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A Brief History of the Library of Congress

The Library of Congress has been around nearly as long as the United States of America. Approve by President John Adams in 1800, the goal of the library was to solve a problem when the government moved from Philadelphia to Washington D.C. Namely, in Philadelphia, congressmen had access to the well-stocked Free Library of Philadelphia. Their concern was that the burgeoning new capital was still under development, and in D.C., members of Congress would lack access to books outside their own personal collection. The Act of Congress allocated $5,000 to stock the library, which today would be roughly $92,000. The books assembled, nearly 750 of them, were inspired by the classical education most of the founding fathers possessed and therefore included papers on theology, philosophy, government, history, and languages.

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The Early Years: Thomas Jefferson's Impact on the Library of Congress

Though the Act was passed by President Adams, it was President Thomas Jefferson who had the most impact on the formative years of the library. One of Jefferson's first acts in relation to the library was to make the Librarian of Congress a government-appointed position. The first person appointed this role was John J. Beckley, who received $2.00 a day in payment, which today would equal about $36.00. Beckley and subsequent librarians also served as clerk for the House of Representatives.

Jefferson's biggest influence on the library happened after his presidency, however. The Library of Congress was burned during England's attack on the city during the War of 1812. To help rebuild the library, the government purchased Jefferson's private collection of nearly 7,000 books after Jefferson said he was willing to sell.

The Civil War Period and Beyond

Having only just recovered from its 1814 fire, the library caught fire again during the Civil War. Nearly all of Jefferson's collection and many of the books acquired since the War of 1812 were lost. Up until this time, curating and expanding the collection had been done not necessarily haphazardly, but with perhaps less impetus toward preserving a comprehensive collection of books for future generations. This changed after the Civil War, as both the government and population expanded. Due in large part to efforts by librarian Ainsworth Rand Spofford, Congress began viewing the library as a national library.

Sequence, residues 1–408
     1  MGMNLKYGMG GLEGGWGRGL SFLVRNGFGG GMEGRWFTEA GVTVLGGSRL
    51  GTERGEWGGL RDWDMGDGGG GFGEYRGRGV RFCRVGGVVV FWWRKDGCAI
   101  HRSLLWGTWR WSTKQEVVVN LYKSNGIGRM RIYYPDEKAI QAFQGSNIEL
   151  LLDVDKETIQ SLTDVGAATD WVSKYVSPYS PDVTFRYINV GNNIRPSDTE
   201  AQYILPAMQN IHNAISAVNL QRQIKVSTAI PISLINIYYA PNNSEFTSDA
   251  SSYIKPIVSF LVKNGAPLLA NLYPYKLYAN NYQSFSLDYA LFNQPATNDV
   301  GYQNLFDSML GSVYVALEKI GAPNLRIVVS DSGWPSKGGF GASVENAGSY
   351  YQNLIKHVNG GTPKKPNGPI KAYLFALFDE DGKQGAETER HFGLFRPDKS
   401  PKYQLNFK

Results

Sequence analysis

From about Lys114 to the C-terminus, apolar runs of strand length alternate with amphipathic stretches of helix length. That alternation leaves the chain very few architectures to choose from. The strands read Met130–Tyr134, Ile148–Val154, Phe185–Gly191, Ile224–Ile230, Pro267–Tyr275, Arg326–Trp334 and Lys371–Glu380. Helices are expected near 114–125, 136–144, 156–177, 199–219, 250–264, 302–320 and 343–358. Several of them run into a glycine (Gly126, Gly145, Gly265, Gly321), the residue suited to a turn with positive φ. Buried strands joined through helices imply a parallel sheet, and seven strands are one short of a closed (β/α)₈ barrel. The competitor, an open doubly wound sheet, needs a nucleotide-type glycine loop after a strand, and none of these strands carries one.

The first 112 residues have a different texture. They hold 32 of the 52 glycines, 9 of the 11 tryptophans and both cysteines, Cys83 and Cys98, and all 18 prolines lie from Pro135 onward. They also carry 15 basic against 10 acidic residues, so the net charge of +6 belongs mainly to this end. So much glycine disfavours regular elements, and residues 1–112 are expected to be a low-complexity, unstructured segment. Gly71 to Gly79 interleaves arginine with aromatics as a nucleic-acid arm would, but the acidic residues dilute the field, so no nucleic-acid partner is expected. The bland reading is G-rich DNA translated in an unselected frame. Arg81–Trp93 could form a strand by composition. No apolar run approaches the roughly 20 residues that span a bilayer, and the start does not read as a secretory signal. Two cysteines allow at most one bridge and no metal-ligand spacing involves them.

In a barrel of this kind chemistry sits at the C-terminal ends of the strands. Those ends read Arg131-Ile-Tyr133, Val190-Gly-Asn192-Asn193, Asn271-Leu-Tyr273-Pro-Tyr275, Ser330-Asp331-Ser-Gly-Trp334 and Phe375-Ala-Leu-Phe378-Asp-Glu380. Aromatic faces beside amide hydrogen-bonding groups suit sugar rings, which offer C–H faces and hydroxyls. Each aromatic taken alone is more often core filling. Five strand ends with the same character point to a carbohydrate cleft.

LOC_Washington_1897.jpgWhat came next was a period of rapid expansion and growth for both the library proper and the collection itself. The library took a much more comprehensive approach toward the collection, making it a priority to house American publications. Copyright registrations took up location there, and by 1900, another building had been constructed to accommodate the much increased collection. It also had become the primary location for legislative documents and laws for the United States.

The 20th Century: Growth, Change, and Good Books

In the 20th century, the library continued to increase the amount of services and texts that it offered to the public. The Library of Congress continued to maintain its commitment to nationalism by housing the Declaration of Independence as well as the Constitution, though these documents were relocated to Fort Knox during World War II as a precaution.

Since then, another building was constructed, the two older existing buildings were renovated and modernized, and in 2007 a new National Audio-Visual Conservation Center was constructed to continue the library's efforts to stay on top of technology and to provide a free and complete collection to the American public.

In 2016, Carla Hayden was named the most recent librarian of Congress and is the first woman as well as the first African American to hold the position. As of 2016, the library has had in stock 164,403,119 items including books, magazines, newspapers, maps, photographs, sheet music, audio recordings, videos, drawings, and more.

While the Library of Congress is no longer archiving all tweets in the history of tweets (understandably!), it remains a strong voice in the literary and library community. Books cited by the Library of Congress as having transformed or shaped America and beyond are worthwhile reads and collectibles.

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Adrienne Rivera
Adrienne Rivera received her MFA in fiction from Southern Illinois University Carbondale. She currently lives in southern Indiana.

 

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